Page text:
Last week, Melbourne’s live music scene welcomed a ream of new law reforms designed to better protect inner-city venues and this week the Victorian capital has more cause for celebration.
The worldwide concert and ticketing analyst has published the results of their annual Top 200 list, recognising the biggest ticket-shifting venues across the world in the last 12 months, and for the second year running, Melbourne has reclaimed it’s title as Australia’s music capital with the results.
The Clubs section of the 2013 breakdown sees Pollstar ranking iconic Richmond venue, The Corner Hotel, as the best performing in the country. The Corner sold 136,357 tickets through 2013 and landing just outside the Top 10, at #13, in the world. Falling at the other end of the list, at #91, is fellow Melbourne venue Northcote Social Club – selling 40,158 tickets.
The presence of the both the Northcote and Richmond venues – the only Aussie venues listed in the Clubs section – represent a huge win for live music company Corner Presents, who recently announced they’d be adding a third Melbourne venue to their folio; renaming Billboard The Venue in the CBD to 170 Russell as part of a new partnership. Six Melbourne live music venues have been ranked among the most successful in the world, alongside 14 Aussie venues total.
Over in the Arenas category, Melbourne’s Rod Laver Arena was the highest ranking Australian name, ranked #6 worldwide with ticket sales of 894,629, jumping up one spot from last year’s edition of the Pollstar poll.
Other successful Aussie arenas in the Top 200 list include Sydney’s Allphones Arena (ranked #11 worldwide with ticket sales of 640,328) – up nine spots from last year – the Brisbane Entertainment Centre (#20 worldwide with ticket sales of 493,601), and Sydney Entertainment Centre (#55 worldwide with ticket sales of 267,730).
Other Melbourne venues that also performed strongly on the world stage included the Sidney Myer Music Bowl (ranked #43 in the Amphitheatre section with 131,582 ticket sales), the Palais (at #37 in the Theatres section with 152,497 tickets), and Etihad Stadium (at #30 in the Festivals/Outdoor Sites section with 151,244 tickets) – each being the highest performing Aussie venues in their respective categories.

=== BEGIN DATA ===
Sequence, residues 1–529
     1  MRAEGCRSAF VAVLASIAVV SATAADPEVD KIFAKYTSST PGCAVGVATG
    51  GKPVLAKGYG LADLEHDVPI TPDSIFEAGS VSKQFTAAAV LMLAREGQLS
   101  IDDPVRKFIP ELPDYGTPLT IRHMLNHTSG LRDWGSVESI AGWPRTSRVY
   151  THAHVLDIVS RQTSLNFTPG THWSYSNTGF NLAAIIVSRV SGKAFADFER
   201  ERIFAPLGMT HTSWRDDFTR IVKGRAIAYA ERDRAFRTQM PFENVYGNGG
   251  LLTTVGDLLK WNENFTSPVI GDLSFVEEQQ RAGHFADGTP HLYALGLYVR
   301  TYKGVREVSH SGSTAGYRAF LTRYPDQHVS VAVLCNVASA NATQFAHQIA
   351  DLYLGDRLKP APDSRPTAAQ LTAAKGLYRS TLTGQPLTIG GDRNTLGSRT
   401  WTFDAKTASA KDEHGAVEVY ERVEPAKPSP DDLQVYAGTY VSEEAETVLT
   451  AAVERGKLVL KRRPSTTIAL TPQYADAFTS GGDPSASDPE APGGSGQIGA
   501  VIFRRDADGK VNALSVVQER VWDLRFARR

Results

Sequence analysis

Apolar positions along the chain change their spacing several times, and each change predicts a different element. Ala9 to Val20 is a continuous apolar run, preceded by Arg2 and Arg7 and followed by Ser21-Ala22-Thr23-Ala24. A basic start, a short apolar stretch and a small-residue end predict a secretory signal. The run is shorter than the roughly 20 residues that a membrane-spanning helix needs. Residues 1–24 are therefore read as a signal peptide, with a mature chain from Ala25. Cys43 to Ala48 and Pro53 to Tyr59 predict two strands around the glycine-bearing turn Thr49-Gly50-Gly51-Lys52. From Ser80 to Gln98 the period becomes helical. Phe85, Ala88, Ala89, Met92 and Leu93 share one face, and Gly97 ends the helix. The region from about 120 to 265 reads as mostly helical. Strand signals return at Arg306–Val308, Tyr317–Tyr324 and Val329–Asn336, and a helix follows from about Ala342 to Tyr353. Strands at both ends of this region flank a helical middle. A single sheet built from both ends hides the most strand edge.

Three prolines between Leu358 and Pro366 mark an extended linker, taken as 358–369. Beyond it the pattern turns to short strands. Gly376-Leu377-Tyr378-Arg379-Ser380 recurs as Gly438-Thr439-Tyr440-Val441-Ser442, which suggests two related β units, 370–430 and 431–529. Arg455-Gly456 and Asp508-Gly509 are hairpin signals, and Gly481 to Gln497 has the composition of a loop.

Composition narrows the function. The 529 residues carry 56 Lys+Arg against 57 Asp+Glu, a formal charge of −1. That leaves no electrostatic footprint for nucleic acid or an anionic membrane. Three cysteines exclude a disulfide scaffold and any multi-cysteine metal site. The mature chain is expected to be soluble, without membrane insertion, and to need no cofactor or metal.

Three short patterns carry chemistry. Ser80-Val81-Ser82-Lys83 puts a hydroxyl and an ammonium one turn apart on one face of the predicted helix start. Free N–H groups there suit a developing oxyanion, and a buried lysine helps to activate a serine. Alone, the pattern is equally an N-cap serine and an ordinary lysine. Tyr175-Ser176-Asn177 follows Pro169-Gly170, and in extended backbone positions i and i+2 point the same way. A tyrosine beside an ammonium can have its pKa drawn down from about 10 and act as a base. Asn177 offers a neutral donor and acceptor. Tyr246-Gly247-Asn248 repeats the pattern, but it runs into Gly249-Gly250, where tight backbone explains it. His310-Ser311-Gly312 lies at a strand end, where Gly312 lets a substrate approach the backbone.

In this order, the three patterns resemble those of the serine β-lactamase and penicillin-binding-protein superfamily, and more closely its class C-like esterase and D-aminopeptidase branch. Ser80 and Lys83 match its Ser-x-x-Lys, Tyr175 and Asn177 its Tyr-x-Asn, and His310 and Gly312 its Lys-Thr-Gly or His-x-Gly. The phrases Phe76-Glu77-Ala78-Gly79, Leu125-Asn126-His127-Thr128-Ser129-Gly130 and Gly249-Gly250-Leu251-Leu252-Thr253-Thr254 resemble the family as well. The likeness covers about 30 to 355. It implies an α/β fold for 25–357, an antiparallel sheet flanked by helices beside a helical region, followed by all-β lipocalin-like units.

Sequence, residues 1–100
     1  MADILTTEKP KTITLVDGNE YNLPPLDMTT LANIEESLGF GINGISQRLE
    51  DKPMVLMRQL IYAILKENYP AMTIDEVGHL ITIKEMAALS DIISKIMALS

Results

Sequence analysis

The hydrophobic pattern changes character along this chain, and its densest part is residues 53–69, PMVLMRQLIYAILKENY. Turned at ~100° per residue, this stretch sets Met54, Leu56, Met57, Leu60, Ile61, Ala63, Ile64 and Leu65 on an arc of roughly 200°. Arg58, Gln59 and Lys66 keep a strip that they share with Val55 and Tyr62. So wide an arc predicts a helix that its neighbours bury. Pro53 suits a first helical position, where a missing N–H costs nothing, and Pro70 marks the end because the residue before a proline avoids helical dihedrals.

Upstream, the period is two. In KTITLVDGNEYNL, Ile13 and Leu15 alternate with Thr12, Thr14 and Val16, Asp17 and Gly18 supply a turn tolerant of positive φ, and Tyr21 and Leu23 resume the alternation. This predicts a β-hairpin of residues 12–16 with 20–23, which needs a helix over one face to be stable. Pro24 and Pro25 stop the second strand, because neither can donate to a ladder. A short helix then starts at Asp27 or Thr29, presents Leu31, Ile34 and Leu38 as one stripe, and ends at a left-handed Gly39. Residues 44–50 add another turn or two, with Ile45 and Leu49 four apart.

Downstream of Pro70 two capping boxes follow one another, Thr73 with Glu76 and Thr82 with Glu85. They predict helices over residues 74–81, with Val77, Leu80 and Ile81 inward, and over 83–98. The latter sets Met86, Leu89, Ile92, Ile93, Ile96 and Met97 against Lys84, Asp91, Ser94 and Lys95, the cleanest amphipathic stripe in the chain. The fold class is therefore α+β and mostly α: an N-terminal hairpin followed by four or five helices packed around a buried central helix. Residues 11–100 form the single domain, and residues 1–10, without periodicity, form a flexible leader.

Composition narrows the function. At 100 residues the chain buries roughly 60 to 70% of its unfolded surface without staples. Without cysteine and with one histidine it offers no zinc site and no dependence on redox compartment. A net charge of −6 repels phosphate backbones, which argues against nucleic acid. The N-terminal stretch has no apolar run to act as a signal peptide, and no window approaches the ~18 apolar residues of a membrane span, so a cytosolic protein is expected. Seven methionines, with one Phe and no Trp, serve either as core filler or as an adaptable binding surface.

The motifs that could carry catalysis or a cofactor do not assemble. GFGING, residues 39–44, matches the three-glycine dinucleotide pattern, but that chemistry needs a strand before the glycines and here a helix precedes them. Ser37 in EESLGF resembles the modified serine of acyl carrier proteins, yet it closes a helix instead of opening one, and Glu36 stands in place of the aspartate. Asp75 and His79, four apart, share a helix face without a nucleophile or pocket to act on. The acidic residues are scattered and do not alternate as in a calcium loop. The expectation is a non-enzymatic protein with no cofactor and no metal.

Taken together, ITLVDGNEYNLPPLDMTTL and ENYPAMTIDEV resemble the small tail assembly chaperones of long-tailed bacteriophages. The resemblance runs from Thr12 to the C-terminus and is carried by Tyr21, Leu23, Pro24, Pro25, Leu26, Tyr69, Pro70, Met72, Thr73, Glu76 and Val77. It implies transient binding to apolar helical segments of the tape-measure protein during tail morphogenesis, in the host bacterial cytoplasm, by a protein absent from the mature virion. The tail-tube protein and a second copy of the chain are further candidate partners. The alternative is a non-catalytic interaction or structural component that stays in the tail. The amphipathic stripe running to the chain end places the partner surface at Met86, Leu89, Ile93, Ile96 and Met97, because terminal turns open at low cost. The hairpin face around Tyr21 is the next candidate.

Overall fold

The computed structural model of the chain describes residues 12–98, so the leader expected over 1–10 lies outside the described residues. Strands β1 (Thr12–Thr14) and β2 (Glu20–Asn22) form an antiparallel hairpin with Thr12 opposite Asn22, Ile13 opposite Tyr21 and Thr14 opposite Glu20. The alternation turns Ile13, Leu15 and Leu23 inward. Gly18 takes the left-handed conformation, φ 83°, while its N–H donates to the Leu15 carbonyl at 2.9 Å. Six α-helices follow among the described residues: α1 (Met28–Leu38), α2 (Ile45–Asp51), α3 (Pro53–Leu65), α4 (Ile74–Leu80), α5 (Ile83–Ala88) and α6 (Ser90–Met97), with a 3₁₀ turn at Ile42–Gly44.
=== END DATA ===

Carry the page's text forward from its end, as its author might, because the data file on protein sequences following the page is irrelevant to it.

Brisbane was the second strongest performing city, with Riverstage making it to #97 on the Amphitheatre list (23,960 tickets), along with the city’s Convention and Exhibition Centre (79,999 tickets), and Suncorp Stadium (at #63 in Festival/Outdoor sites with 81,223 tickets).
Sydney’s ANZ Stadium landed at #89 in the Festival/Outdoor sites rankings (60,150 tickets), but landing well behind Bluesfest and Boomerang festival site Tyagarah Tree Farm’s position at #44, selling 104,244 tickets from both of the flagship events.
Bluesfest has also been nominated in the 25th Annual Pollstar Awards, taking place next month in Nashville, along with nods for Aussie promoters Michael Chugg (of Chugg Entertainment) and Michael Coppel, president of Live Nation Australasia, are both in the running for the coveted International Promoter Of The Year award. “The Corner Hotel sold 136,357 tickets through 2013 and landing just outside the Top 10, at #13, in the world.”
Rod Laver Arena is also in the running for International Venue Of The Year and Sydney-bred, LA-based Roger Davies is up for the Personal Manager of the Year honours.
As for Pollstar’s 2013 rankings, Mushroom’s Frontier Touring was named as the most successful Australian promoter, sitting #20 worldwide with 972,062 tickets, followed (in order) by Chugg Entertainment (480,328 tickets), Nine Live (471,553 tickets), Dainty Group (325,301 tickets) and Adrian Bohm Presents (260,104 tickets).
Live Nation Australasia’s results were merged with their parent American company’s but given the success of their international tours in 2013, it’s likely they performed equally.
The news of the combined success of Melbourne’s live music venues in the Pollstar rankings emerges amongst the State Government introducing a raft of policy reforms aimed at cutting the red tape that currently entangles live music venues and inner-city licensees, which contributes $1.04 billion annually (more than AFL) to the state economy according to a 2013 Music Victoria report.
Conspicuously absent from the 36 new reforms however, was the much-touted ‘Agent Of Change’ principle policy that essentially protects venues from the noise complaints of neighbouring residents. Despite assurances he’d introduce the Agent of Change reform, Planning Minister Matthew Guy says the policy is still a ‘work in progress.’
Minister Guy also has the final word on approval of a proposed $70 million redevelopment of The Forum Theatre to construct an adjoining 32-storey boutique hotel and office complex to the live music venue.